“In a minority deal it’s very important to make sure that you have alignment with the majority shareholder,” Schneider says. “Also, if you don’t have the right to replace management, it’s important that you are convinced the CEO will be the kind of person that wants your help and will take advice from you and really listen, somebody you believe you’ll have a constructive relationship with.”




“The only thing around a minority that we’ll be careful on is that we have some legal controls to fall back on,” says ECI investor relations partner Jeremy Lytle.

What those legal rights look like will vary from deal to deal, but typically they will address issues such as board representation, the triggering of control rights in the case of underperformance, controls over compensation, bonuses and company expenditure, and exit timing.

But, as Southern points out, as necessary as these legal covers are, even in a majority situation if there comes a point where you’re asserting your equity right, then “things are already broken”.

“The fact of the matter is if you’re a majority investor and you’re turning up to the board meeting and going, ‘Well, I’m the major shareholder and I say this,’ that’s not going to build alignment between you and the management team. You’ll only be asserting your majority equity in a situation where things haven’t worked out, that there is misalignment.”




Whether a majority or minority investor, you will not always agree with management. There will be frictions. But these frictions can be creative, argues Southern, generating debate that could ultimately lead to the optimum outcome for the business.

“You need to be very clear about the times that you pick that you want to really intervene, especially in those situations where things aren’t quite working in the way that you want them to,” Southern told delegates at the forum.

This also goes back to recognising that sometimes founders and management teams really do know their own companies best.

“You debate and you put your best case forward, but ultimately we’ll let the management team run the business in the direction they feel they want to run it,” Deming told forum delegates. “Frankly we’re honest with ourselves, they’re in the business every single day operating, running it, and so they should have a pretty good view of which way to run it.”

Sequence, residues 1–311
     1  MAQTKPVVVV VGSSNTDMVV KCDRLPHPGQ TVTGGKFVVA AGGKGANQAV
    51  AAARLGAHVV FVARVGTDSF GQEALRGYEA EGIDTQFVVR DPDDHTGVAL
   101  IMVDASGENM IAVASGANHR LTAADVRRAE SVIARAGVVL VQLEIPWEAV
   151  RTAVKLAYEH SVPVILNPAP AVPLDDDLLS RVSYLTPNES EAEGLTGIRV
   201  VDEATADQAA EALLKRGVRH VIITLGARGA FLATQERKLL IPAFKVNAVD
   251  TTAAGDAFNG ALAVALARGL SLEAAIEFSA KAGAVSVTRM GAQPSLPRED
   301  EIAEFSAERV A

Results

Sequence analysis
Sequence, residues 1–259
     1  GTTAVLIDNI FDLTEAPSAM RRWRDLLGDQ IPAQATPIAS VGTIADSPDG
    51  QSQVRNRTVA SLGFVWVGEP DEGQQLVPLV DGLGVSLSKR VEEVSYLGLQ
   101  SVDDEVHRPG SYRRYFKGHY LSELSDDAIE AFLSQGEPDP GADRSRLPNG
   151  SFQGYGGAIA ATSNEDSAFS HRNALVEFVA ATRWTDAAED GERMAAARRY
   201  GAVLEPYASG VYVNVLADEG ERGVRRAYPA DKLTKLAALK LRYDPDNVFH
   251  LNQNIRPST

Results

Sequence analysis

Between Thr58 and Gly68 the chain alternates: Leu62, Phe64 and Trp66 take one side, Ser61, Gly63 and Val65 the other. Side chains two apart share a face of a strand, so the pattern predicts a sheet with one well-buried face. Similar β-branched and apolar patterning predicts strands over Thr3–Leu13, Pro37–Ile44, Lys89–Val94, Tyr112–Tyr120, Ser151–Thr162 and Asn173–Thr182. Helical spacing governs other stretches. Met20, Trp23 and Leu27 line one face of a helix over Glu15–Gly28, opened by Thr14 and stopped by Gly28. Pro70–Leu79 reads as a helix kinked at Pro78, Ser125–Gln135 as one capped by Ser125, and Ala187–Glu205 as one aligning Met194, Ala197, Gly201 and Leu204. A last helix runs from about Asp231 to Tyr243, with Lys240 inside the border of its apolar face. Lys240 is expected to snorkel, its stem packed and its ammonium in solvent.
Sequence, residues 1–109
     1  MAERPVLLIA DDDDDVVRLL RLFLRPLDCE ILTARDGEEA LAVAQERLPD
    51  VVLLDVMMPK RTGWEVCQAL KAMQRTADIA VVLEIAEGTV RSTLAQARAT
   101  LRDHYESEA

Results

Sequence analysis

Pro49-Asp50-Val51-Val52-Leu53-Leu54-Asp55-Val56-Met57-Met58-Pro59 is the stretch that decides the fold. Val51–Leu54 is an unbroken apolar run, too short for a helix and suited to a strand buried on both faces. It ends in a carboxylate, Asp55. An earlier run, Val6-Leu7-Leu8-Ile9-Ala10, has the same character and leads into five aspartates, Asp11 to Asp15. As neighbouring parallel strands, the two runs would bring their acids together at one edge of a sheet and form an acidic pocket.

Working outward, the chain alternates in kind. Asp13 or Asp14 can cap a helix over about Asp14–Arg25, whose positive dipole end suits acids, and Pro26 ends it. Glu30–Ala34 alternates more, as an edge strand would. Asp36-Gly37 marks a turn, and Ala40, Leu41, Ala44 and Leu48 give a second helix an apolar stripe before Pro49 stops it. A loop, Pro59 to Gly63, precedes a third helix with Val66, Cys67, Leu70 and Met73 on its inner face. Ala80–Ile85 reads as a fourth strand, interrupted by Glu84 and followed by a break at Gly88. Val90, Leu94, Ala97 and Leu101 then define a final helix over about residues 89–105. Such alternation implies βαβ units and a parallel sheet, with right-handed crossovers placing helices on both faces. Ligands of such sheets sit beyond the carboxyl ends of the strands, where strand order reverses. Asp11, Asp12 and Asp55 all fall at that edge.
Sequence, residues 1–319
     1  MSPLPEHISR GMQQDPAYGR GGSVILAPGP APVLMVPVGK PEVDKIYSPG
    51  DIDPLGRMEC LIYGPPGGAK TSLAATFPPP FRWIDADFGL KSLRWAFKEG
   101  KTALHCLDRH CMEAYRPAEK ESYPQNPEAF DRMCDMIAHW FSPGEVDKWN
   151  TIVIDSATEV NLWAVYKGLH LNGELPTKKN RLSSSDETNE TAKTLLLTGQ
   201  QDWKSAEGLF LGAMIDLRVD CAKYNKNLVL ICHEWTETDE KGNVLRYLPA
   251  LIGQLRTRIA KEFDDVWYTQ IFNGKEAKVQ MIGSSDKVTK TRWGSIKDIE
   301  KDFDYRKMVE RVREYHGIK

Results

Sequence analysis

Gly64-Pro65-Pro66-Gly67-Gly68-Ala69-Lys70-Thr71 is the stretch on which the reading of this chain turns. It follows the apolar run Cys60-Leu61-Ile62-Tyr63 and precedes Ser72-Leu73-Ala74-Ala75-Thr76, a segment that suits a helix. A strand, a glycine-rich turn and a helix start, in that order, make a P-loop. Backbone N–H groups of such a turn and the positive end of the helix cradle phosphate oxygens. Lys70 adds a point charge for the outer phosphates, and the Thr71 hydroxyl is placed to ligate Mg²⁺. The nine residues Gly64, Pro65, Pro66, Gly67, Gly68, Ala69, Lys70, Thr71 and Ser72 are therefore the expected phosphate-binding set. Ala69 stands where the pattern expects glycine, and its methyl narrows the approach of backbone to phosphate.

When ECI takes a minority stake in a business, the commercial team approaches its tasks in exactly the same way as it does when the firm acquires a majority interest.

“We’ll still run strategy sessions as a team and try to prioritise what the big issues are and help with those,” Bantin says. “We don’t treat it any differently, we don’t say, ‘We’re a minority and therefore we won’t contribute as much time and effort.’”

Schneider agrees that GPs should use their “normal toolkit”.

“Don’t start thinking, ‘It’s a minority, and therefore I’m not going to do my 100-day plan, I’m not going to do all the good things that I normally do operationally,’” he says. “You should pick companies that would be receptive to your normal way of adding value, and then go ahead and add that value.”

Southern adds: “Don’t let the whole minority thing get in the way of making the right decision.”



At the Operating Partners Forum, Deming told delegates that exit timing can often be a point of disagreement.

“Exit timing always comes up,” Deming said. “Part of exit timing might be do you go public or do you hold on for longer and think about a sale to a strategic? Do you take it private? And sort of wrestling with those questions is something that we often debate a lot with our partners.”

Thinking about the exit on the way in, Schneider says, is even more important in minority deals than it is in majority transactions.

“In a minority deal, it’s even more important than usual to think about how you’re going to exit and what the alignment of interests will be at the time of exit,” Schneider says. “How will you get fair value if you want to sell but the other shareholders don’t?”




If a GP is evaluating a business on the understanding that a majority stake is on offer and then the vendor suddenly switches to offering a minority stake, proceed with caution. There’s a danger that the prerequisites for a minority deal – such as minority rights and clear alignment of incentives – could be missing.

“Because it was envisaged to be a majority deal the GP normally would not have considered these issues carefully,” Schneider says.

It’s tough to turn your back when you’ve fallen in love with a portfolio company, but it’s often the wise choice.

“Sunk cost and time is exactly that,” Schneider says. “The fact that you spent a lot of time and effort and that it’s a really good company is all fine, but in the end if the prerequisites for a minority deal aren’t there then you should walk away.”